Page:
• CVS: located across the street form Meyerson right next to the Starbucks. This is great to pick up quick snacks or drinks.
  • Starbucks: located across Walnut Street just in front of Meyerson Hall. I have found that the sandwiches here are quite good and as always the coffee and tea options will please anyone’s sweet tooth.
  • WaWa: a convenience store better for grabbing snacks or a quick sandwich. There are two located on opposite sides of campus.
  • Food Trucks: There are four that are stationed directly in front of Meyerson Hall. There are several others around the perimeter of campus. The food trucks only accept cash however so be sure to have a $5 handy.
  • Shake Shack: just a short walk from Meyerson, this restaurant also happens to be next door to the closest art supply store. Grabbing dinner on the way back from picking up studio supplies is quite efficient!
  • Chipotle: About a 10-15 minute walk from campus west on Walnut Street.
  • HoneyGrow: a stir fry and salad place. This is right next to the Chipotle.

There is no shortage of food options on and around campus. These are just a few that have been convenient in my first three weeks.

Overall please remember that even as classes become more demanding the time it takes to eat, to find food and consume it, is always worth it and can become an exciting break to the endless demands of classes.

Library Orientation!

Penn Library Homepage:

The library is a lovely, quiet place of refuge. Whether one is looking to take a break from studio or simply read/work in a controlled environment the nearest library is the place to go.


Wednesday I attended a short orientation to the Fisher Fine Arts Library on campus. Below are links to the multitude of resources I was unaware existed:


Carrel or Book Shelf in the library: books can be checked out to you and kept within the library at a specified desk or shelf. I find this useful in keeping research materials organized and ensuring all books are returned in a timely manner. Note that books on these desks/shelves can be looked through by other students but not checked out. The book will always be available to you.There is a link at this webpage to apply for a carrel or shelf:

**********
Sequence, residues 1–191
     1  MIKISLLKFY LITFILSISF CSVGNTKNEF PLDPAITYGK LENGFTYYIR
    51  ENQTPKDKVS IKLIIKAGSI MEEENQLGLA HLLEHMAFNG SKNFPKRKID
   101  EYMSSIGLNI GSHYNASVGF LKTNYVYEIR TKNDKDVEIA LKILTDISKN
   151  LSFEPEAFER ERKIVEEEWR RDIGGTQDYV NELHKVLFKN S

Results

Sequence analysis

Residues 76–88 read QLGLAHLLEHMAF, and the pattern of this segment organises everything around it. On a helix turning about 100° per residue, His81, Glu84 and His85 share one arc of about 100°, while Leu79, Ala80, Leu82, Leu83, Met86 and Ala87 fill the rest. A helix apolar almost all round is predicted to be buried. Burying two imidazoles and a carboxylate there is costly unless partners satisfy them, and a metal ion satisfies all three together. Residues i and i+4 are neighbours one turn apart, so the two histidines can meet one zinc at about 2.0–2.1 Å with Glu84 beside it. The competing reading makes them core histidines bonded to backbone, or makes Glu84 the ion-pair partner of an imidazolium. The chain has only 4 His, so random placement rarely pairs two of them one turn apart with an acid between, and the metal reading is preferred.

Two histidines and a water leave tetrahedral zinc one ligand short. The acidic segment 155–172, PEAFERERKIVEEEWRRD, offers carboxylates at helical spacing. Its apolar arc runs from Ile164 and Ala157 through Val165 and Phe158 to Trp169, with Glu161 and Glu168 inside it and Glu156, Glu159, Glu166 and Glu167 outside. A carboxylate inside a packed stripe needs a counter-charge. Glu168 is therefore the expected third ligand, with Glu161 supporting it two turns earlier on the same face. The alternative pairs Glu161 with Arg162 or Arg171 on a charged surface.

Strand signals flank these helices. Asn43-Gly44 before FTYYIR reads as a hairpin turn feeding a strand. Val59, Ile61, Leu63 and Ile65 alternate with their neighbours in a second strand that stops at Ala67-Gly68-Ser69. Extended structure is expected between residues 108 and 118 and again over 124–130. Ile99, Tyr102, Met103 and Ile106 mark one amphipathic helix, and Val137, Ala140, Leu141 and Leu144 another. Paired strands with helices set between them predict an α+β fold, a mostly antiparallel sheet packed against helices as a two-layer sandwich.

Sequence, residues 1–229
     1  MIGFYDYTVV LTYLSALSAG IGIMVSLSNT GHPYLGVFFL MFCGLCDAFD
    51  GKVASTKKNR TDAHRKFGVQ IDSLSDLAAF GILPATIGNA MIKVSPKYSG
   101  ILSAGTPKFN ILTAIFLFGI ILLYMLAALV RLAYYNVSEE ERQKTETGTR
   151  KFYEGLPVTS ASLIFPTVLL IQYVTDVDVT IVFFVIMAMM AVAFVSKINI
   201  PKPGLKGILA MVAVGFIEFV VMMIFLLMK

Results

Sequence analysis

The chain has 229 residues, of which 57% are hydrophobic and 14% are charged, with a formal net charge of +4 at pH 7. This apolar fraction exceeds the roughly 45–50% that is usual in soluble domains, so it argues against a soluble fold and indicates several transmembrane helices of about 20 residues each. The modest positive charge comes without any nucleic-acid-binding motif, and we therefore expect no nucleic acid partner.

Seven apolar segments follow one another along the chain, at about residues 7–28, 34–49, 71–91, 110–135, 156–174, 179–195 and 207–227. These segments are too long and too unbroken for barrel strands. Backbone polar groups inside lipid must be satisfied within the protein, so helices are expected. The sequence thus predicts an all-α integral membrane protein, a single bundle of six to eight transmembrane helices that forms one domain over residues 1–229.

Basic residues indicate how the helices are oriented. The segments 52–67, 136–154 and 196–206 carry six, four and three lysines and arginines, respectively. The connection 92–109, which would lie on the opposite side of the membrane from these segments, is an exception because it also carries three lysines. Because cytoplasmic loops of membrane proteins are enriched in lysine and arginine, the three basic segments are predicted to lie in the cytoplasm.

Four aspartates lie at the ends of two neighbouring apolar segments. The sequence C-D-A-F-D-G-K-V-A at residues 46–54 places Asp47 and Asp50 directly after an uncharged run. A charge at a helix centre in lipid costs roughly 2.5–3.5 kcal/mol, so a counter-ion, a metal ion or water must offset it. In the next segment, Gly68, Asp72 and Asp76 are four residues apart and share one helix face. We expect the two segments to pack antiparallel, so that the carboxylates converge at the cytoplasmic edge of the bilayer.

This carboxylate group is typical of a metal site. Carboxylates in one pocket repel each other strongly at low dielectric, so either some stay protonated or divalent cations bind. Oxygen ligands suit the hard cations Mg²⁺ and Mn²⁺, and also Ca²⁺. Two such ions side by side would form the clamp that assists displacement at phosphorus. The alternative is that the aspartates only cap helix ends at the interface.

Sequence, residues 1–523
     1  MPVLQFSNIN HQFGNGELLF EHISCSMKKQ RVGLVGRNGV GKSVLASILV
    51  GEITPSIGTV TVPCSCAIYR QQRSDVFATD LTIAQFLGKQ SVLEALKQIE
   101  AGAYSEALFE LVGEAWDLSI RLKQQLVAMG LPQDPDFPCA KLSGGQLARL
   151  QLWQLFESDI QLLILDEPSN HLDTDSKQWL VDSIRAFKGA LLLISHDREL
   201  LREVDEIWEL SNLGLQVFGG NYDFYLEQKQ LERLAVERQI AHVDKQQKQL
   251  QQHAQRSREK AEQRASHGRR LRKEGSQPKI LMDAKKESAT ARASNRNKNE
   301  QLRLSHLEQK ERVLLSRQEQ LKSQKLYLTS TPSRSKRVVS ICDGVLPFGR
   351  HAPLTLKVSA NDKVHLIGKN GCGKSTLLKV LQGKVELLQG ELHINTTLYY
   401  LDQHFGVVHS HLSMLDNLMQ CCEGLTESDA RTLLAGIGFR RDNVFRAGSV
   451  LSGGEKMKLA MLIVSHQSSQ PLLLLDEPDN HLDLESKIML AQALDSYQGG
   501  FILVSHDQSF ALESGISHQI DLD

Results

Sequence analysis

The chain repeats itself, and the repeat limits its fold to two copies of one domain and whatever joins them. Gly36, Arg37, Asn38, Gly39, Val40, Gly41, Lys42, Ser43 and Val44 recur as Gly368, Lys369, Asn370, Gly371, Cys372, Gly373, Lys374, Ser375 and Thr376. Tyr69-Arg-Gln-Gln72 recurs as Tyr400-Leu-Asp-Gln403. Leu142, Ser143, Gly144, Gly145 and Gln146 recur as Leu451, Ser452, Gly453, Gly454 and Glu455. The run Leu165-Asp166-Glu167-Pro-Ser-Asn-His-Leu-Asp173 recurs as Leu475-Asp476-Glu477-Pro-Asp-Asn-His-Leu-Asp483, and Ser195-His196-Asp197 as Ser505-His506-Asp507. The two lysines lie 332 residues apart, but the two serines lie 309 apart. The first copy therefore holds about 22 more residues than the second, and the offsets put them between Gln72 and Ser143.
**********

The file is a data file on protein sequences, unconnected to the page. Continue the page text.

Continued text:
Events and Workshops: This calendar ranges from LinkedIn Photoshoots to 3d printing tutorials. The calendar can be found on the front page of the Penn Libraries website.

Borrow Equipment: The libraries at Penn can provide students with laptops, ipads, projectors, and cameras if needed. Check out times and rules vary.


Every available material on the Franklin search catalog for the Penn Libraries comes with a set of potential actions. This bar is seen after selecting availability upon signing into the library using your Penn username and password.Below are three listed options I learned about today:


Request: This requests the book specifically to you for pick up behind the library counter. If you would like it to be placed on a shelf for you that request can be made at the library counter upon pick up of the book.

Borrow Direct: This is a interlibrary loan system between different schools. BorrowDirect+ is the interlibrary loan between all the Ivy League schools. Palczi is the interlibrary loan between local Philadelphia and Pennsylvania schools and institutions.

Scan and Deliver: This option allows you to request that a particular section or pages of a book be scanned for you by a librarian and digitally delivered to your email. Clicking this option takes you to a form which upon filing out tells the librarian everything they need to find the book, the pages or content (ie intro or last chapter if unsure of page numbers) and process the book for you. This seems like it would be an amazing resource for research especially during weeks of studio finals or midterms when research may still be ongoing.

Database Access: Aside from printed materials the library is connected to many databases, which you can access by creating an account linked to your penn student account. A few databases worth noting are Artstor (image database) and the Avery Index (architectural journals). All databases are sorted by subject category so if you’re looking for something in say chemistry just look for the chemistry subject and all the chemistry related databases will appear for you to further search each one.

Suggest a Purchase: There is a form on each individual libraries page in which you can suggest a book, journal, or other reading which the library may not have in it’s collection.

I hope this quick review of the library helps! Thank you Patricia Guardiola for the tour and tips relating to the Penn libraries, particularly Fisher Fine Arts!

First Week in Review

The first week is often though of as a week to adjust to new surroundings, plan for the months to come, and meet the new people embarking on this educational mission with you. While all this was true for my first week, there was far more activity than originally anticipated.